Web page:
OLDEST IRISH AMERICAN NEWSPAPER IN USA, ESTABLISHED IN 1928
Category: Archive

Garda chief ‘confident’ of Omagh bombing trial

February 16, 2011

By Staff Reporter

By Andrew Bushe

DUBLIN – Gardai commissioner Pat Byrne believes members of the hard-line Real IRA group who took part in the Omagh bombing two years ago will be brought before a court.

"I am very confident that at some time in the future those people who were actually involved may face the court," the commissioner told reporters last week at a graduation ceremony at the Garda College in Templemore.

"It is a very difficult investigation. We are making progress, but we have a long way to go yet. A lot of things have happened that are not in the public arena."

The commissioner recently visited a team of detectives based in the border region to be briefed on progress in the investigation.

In recent weeks, 12 people have been questioned under the Section 30 of the Offenses Against the State Act, which allows them to be detained for 72 hours.

Never miss an issue of The Irish Echo

Subscribe to one of our great value packages.

So far, only one man has been charged in connection with the August 1998 car bombing that killed 29 and injured about 200 others.

Dundalkman Colm Murphy, 48, will face charges of conspiracy in the three-judge, no-jury Special Criminal Court in the new year.

The commissioner said remarks he made in an interview with the Belfast Irish News earlier this year — when he said that the masterminds behind the attack would probably escape conviction — had been misinterpreted and that he was not referring to "volunteers on the ground."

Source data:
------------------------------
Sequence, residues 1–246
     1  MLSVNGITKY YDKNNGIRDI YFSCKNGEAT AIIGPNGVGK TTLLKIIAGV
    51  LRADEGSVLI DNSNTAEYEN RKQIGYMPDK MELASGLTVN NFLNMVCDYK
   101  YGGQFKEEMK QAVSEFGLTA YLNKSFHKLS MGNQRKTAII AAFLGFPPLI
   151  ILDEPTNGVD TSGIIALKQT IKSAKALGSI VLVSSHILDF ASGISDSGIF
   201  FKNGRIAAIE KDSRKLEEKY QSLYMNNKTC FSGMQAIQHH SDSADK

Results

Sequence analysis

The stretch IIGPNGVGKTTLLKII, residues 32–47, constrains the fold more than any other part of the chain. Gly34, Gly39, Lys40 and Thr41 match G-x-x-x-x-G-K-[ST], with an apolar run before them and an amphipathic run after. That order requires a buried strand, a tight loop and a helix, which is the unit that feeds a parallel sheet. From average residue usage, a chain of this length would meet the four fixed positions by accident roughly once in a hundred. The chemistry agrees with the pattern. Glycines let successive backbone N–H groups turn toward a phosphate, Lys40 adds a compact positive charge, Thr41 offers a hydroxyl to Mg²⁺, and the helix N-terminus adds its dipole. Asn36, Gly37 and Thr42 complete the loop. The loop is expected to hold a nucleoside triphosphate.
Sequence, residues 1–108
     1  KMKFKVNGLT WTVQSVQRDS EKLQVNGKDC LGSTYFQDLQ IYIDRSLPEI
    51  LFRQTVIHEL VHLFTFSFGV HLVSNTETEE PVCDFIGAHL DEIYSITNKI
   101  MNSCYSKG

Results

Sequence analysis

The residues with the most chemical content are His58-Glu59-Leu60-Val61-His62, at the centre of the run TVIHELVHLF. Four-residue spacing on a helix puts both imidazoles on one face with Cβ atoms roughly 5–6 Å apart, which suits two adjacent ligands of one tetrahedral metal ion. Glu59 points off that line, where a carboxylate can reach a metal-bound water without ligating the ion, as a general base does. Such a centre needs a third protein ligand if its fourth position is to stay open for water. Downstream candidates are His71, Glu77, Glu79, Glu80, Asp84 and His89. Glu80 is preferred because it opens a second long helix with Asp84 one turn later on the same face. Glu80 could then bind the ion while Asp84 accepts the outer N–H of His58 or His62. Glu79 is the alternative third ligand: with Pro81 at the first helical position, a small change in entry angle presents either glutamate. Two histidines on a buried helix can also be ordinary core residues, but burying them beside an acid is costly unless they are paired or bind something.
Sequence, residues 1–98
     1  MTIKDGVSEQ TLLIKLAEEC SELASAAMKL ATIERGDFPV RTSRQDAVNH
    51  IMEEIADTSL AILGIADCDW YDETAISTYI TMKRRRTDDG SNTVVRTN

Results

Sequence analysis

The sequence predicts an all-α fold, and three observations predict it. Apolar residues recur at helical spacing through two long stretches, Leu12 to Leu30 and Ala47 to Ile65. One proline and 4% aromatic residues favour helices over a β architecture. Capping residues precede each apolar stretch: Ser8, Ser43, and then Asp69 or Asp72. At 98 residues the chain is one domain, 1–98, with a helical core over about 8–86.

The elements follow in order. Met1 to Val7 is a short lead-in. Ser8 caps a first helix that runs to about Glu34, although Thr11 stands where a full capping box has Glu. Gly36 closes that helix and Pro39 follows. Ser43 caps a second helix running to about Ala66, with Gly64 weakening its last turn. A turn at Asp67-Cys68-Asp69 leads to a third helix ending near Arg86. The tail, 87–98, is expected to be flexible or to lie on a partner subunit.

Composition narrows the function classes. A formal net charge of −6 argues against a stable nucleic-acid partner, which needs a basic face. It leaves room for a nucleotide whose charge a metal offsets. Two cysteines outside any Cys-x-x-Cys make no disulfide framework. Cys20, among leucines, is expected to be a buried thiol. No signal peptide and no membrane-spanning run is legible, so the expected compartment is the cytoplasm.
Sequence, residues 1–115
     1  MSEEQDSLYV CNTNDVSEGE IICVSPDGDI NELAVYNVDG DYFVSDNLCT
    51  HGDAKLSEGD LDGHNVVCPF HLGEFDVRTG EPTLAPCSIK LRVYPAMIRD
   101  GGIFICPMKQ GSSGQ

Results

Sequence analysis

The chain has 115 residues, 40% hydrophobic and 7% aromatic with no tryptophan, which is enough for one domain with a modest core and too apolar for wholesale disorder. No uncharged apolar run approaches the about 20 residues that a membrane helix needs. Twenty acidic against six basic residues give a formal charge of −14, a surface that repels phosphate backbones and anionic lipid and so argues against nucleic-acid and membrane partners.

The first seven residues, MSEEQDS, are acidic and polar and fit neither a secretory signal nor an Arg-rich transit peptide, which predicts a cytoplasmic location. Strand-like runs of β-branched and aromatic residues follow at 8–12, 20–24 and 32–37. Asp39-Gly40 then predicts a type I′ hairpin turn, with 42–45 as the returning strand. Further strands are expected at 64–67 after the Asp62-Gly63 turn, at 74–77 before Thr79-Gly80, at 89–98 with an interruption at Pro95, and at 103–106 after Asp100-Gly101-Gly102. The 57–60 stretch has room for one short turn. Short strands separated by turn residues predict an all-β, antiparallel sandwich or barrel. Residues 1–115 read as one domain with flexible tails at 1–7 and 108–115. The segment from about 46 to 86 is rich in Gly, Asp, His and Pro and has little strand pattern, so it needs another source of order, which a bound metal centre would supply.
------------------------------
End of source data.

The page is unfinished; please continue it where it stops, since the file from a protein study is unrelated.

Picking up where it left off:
"I was discussing the masterminds, the armchair generals, and we all know armchair generals very seldom appear before the courts," Byrne said.

"I still hold the same view in relation to armchair generals. I think historically very few of them ever faced the court."

Byrne said that if necessary he would use the witness-protection program to help get convictions.

"I wish we could, but bear in mind the first thing you need is a witness who is going to give evidence," he said.

The witness-protection program was only set up after the murder of journalist Veronica Guerin, 36, who was shot in June 1996 by members of a drug gang.

The commissioner said he didn’t welcome the BBC’s "Panorama" program that named a number of men linked to the bombing on the basis of calls from mobile phones.

"It was not helpful to the investigation. The whole issue or principle of identifying people doesn’t help," he said.

The three latest people to be questioned about the bombing were released last weekend. The woman and two men arrested in Louth and Monaghan had been held in the inquiry investigation headquarters in Monaghan Garda station.

Other Articles You Might Like

Sign up to our Daily Newsletter

Click to access the login or register cheese